Rconvection=lAk[K/W]E24
Rconduction=lAch[K/W]E25

Where lis the distance between the point masses and Ais the interface area, k is the heat conductivity, Acis the cooling cross section between the two regions and h is the convection coefficient calculated from proven empirical dimensionless analysis algorithms.

The heat capacitance is defined as follow:

C=Vρc[Ws/K]E26

Where V is the volume,ρis the density and c is the heat capacity of the material. The simplified stator for the thermal study of the two SMPMM structure are given by figures 3 and 4, also the thermal model for the two structures are implemented in MATLAB simulater where the different radius for the PMSMER dimensions are defined as follow:

Rcarter=R1=Rf+e2+hm+hry+ecarterE27
Rrotoryoke=R2=Rf+e2+hm+hryE28
Rmagnet=R3=Rf+e2+hmE29
R4=Rf+e2E30
Rslot=R5=Rfe2E31
Rinsolator=R6=R5hsE32
R7=R5hstinsolatorE33
R8=R7hsyE34

The thermal resistances are calculated along the radial direction. The Riradius are calculated from dimensions of motor, where Rfis the Bore raduis and tinsolatoris the thickness insulator.

The different radius for the PMSMIR dimensions are defined as follow:

R1=Rf+e2E35
R2=Rf+e2+htoothE36
R3=Rf+e2+htooth+tinsolatorE37
R4=Rf+e2+htooth+tisnolator+hsyE38
R5=Rf+e2+htooth+tinsolator+hsy+tcarterE39

Figure 3.

Simplified stator for the thermal study in the PMSMER

Figure 4.

Simplified stator for the thermal study in the PMSMIR

As described earlier, the thermal resistance values are automatically calculated from motor dimensions and material data.

Figure 5 shows the thermal model in transient behaviour of the PMSMIR.

Figure 5.

Thermal model of the PMSMIR in transient behaviour

In this model, the heat sources are respectively the copper losses and iron losses in the stator. The Tivariables are the temperatures in various points of the motor. The expressions of thermal resistances of the PMSMIR result from the resolution of the heat equation at the fields borders.

Rcoilrepresents the coil thermal resistance (K.W1).

Rcoil=14πlmλcoil[1-2R12R22-R12lnR2R1]E40

Rinsorepresents the isolator thermal resistance (K.W1).

Rinso=lnR3R22πλinsolmE41

Rinso-sy represents the contact thermal resistance between insolator and the stator yoke (K.W1).

Rinsosy=13002πR3lmE42

Rjcorepresents the thermal resistance of stator yoke (K.W1).

Rjco=lnR4R32πλironlmE43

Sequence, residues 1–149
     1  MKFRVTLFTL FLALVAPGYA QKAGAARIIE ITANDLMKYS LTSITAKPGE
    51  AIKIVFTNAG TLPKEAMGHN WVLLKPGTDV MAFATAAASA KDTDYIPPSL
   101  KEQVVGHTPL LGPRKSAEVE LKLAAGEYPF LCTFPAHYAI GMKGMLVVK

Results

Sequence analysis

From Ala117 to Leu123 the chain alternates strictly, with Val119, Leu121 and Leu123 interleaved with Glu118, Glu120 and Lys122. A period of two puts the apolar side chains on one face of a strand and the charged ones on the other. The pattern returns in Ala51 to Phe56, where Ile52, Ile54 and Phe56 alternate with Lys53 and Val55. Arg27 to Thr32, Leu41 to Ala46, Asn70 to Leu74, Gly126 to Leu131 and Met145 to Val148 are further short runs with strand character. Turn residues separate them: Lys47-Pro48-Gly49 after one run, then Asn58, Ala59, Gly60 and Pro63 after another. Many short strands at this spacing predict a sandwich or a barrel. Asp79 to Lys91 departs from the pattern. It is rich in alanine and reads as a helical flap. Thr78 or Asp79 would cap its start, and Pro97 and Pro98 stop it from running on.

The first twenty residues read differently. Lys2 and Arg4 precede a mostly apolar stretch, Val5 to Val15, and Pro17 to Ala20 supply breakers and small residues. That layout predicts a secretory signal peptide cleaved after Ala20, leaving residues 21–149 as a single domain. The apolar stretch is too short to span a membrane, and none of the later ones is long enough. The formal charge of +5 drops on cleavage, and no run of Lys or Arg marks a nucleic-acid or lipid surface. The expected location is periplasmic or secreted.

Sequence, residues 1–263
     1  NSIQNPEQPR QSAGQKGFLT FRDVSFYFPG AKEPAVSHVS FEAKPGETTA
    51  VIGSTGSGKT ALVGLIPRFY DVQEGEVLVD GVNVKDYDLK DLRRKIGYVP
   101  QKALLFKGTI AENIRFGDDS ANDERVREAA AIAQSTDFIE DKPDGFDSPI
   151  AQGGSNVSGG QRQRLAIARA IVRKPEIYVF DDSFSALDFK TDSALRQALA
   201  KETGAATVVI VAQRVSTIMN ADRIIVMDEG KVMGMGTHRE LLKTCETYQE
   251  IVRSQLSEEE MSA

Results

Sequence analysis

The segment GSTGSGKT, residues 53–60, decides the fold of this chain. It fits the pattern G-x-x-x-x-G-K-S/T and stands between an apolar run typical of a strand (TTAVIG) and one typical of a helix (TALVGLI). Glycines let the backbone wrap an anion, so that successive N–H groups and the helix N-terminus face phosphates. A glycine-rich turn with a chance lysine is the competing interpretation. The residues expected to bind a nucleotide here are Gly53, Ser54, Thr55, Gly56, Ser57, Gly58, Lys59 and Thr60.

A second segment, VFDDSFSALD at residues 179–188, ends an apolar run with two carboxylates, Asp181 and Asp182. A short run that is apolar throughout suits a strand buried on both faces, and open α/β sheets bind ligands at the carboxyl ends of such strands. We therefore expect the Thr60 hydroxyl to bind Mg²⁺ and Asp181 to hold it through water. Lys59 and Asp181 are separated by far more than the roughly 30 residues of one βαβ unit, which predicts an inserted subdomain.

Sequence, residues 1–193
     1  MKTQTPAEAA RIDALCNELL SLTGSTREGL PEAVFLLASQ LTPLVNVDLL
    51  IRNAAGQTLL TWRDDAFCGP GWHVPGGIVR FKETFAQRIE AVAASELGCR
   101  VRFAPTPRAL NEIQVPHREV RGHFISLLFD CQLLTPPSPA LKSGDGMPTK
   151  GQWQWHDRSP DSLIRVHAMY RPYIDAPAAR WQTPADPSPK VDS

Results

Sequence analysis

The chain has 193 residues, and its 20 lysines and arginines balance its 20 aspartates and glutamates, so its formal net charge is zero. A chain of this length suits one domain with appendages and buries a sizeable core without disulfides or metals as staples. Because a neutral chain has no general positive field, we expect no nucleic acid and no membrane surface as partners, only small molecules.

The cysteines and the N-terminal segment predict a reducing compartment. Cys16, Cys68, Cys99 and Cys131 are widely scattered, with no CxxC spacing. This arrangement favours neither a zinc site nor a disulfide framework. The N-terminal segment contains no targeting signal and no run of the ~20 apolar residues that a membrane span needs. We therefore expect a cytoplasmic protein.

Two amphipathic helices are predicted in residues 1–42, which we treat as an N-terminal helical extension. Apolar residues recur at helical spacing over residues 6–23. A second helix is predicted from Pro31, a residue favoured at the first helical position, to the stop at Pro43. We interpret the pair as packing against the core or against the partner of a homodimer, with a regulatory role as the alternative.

Rfcorepresents the thermal resistance of conduction in the stator yoke (K.W1).

Rfco=14πlmλiron[1-2R32R42-R32lnR4R3]E44

Rsycarepresents the thermal resistance between stator yoke and the carter (K.W1).

Rsy-ca=115002πR4lmE45

Rcarepresent the thermal resistance of carter (K.W1).

Rca=lnR5R42πλcalmE46

Rextrepresents the convection thermal resistance between the carter and ambient air (K.W1).

Rext=lhSextE47

In the previous expression, Sextrepresents the outer surface of the motor and his the heat transfer coefficient between the carter and the ambient air. It can be between 20 and 40 K.W1m2for a motor with natural ventilation, and may exceed 80 K.W1m2for the motor forced air.

To calculate the outer surface of SMPMM, we considered only the outer surface of the cylinder with radius R5and height lm(Gasc, 2004; Chan., 2004).

Sext=2πR5lmE48

The expressions of heat capacities of the PMSMIR are given by the following equations:

Ccoilrepresents the heat capacity of coil (JK1).

Ccoil=ρcoVcoCthcoE49

Cinsorepresents the heat capacity of insolator (JK1).

Cinso=ρinsoVinsoCthinsoE50

Csyrepresents the heat capacity of stator yoke (JK1).

Csy=ρironVsyCthironE51

Ccarepresents the capacity of carter (JK1).

Cca=ρaluVcaCthaluE52

Figure 6 shows the thermal model in transient behaviour of the PMSMER.

Figure 6.

Thermal model of the PMSMER in transient behaviour

The expressions of the PMSMER thermal resistances obtained from the resolution of the heat equation at the fields borders.

Rsyrepresents the stator yoke thermal resistance (K.W1).

Rsy=14πlmλiron[12R82R72R82lnR7R8]E53

Rinsorepresents the insolator thermal resistance (K.W1).

Rinso=14πlmλinso[2R72R62R72lnR6R7]E54

Rcoilrepresents the coil thermal resistance (K.W1).

Rcoil=14πlλco[12R62R52R62lnR5R6]E55

Rmagrepresents the magnet thermal resistance (K.W1).

Rmag=lnR1R22πλmaglmE56

Rryrepresents the rotor yoke thermal resistance (K.W1).

Rry=lnR2R32πλironlmE57